this sounds like an excellent way to deal with urine, as a hippie I approve. the one soaks up the other, adding nitrogen and potassium and who knows whatever else, benefitting from the urine and giving it a chance to speed composition of those leaves. , there are many materials you could use in the same manner such as rotten wood, biochar, hay, straw and  even paper waste.  these make a great house and food souce for fungi which make composting a dream, and i reccommend them in any compost, as for the urine, it has a chance to soak into something else instead of going into the ground and will eventually be eliminated by the fungus that eats the other stuff. its a win win, if your friends are looking at you funny for this, they just do not understand on the same level. ,,, you can deal with poop the same way, lots of high carbon material such as the ones mentioned, makes for quick fungal composition, keep the urine out of the poop compost and keep the poop out of the urine compost and youll have clean compost both ways..... having alot more of these materials than actual poop or actual urine will be a major plus. adding layers of it as you go. this will decompose at a rate much faster than not.

I agree with berkey guy. I also own a berkey and think it is a waste of a good berkey. I was however wondering the answer to this exact question which is how I found your thread here.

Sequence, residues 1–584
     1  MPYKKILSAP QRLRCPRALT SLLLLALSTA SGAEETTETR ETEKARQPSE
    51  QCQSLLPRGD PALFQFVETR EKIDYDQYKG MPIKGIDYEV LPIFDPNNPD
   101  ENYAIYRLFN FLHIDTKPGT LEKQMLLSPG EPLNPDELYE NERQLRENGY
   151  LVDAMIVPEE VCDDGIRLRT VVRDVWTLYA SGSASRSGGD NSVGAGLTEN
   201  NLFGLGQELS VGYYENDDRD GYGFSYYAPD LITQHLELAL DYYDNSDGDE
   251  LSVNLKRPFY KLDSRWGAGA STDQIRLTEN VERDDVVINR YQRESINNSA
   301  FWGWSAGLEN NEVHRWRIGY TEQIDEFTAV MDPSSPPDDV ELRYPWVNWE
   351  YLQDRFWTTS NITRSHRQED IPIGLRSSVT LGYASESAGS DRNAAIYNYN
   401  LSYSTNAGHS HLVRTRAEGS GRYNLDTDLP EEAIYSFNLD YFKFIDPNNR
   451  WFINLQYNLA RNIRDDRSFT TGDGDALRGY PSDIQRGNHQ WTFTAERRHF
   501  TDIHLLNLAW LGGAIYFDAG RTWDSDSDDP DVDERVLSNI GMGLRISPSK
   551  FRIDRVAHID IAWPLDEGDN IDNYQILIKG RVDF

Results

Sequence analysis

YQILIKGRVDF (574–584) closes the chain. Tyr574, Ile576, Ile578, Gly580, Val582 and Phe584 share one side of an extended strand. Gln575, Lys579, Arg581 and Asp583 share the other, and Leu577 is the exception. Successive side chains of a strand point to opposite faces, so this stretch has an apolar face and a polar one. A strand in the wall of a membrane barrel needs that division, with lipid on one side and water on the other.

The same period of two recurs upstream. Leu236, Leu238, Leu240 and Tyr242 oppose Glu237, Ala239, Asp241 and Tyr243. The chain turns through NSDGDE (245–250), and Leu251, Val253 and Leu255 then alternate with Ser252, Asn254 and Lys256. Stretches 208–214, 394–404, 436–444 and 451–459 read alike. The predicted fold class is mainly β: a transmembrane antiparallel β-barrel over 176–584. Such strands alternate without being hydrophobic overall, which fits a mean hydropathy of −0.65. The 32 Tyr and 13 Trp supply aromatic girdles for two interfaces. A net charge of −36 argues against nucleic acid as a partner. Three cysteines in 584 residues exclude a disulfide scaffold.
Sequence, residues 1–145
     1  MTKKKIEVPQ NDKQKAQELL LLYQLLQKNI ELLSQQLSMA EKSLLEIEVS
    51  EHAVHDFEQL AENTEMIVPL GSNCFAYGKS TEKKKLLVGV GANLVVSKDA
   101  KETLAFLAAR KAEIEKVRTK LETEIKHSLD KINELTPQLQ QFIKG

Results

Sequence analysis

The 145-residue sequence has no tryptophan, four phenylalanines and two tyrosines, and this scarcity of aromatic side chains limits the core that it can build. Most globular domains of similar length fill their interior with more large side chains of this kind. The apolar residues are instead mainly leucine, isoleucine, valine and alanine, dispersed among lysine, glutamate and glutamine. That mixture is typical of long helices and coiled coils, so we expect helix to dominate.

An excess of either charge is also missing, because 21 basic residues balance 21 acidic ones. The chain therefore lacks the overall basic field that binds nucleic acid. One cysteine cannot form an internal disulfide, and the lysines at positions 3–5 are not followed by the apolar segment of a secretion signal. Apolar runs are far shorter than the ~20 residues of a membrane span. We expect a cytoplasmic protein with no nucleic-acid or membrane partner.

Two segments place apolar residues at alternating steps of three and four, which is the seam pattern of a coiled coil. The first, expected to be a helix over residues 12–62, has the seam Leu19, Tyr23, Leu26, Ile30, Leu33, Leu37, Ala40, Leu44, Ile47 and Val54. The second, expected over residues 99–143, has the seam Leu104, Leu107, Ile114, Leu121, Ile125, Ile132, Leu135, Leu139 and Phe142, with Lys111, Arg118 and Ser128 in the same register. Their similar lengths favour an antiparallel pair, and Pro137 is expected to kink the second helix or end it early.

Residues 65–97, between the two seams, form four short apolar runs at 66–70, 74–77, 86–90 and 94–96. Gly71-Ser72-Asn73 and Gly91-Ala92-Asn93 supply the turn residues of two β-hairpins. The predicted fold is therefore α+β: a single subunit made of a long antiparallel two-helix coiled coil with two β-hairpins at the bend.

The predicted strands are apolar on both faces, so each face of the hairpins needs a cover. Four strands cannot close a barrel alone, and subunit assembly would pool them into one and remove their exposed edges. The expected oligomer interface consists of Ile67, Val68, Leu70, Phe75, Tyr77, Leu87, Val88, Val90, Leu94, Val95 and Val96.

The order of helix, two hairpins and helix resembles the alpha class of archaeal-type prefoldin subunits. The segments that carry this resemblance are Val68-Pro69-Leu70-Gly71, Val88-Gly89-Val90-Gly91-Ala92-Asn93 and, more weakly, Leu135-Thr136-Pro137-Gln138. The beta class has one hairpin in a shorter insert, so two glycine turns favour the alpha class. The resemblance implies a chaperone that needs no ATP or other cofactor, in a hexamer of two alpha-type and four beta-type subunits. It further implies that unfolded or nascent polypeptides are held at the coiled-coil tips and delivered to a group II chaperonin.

I can attest to the wonders of using a diluted urine in the water for your garden, and if you want it to really kick some butt, add a bit of mollasses into it as well.... us for the ratio, this is up in the air, in a five gallon bucket of water, I`ll do a minimum of one or two pees , to an absolute maximum of one gallon of pee to four more gallons of water, and that is strong, so only do that once in the spring and then switch to a 10-1 ratio thereafter. as for the mollases, 5 tablespoons , melted into a cup of hot water and added to the five gallon pail of solution while mixing is great, you can put more, but you do not need to. the plants love this stuff.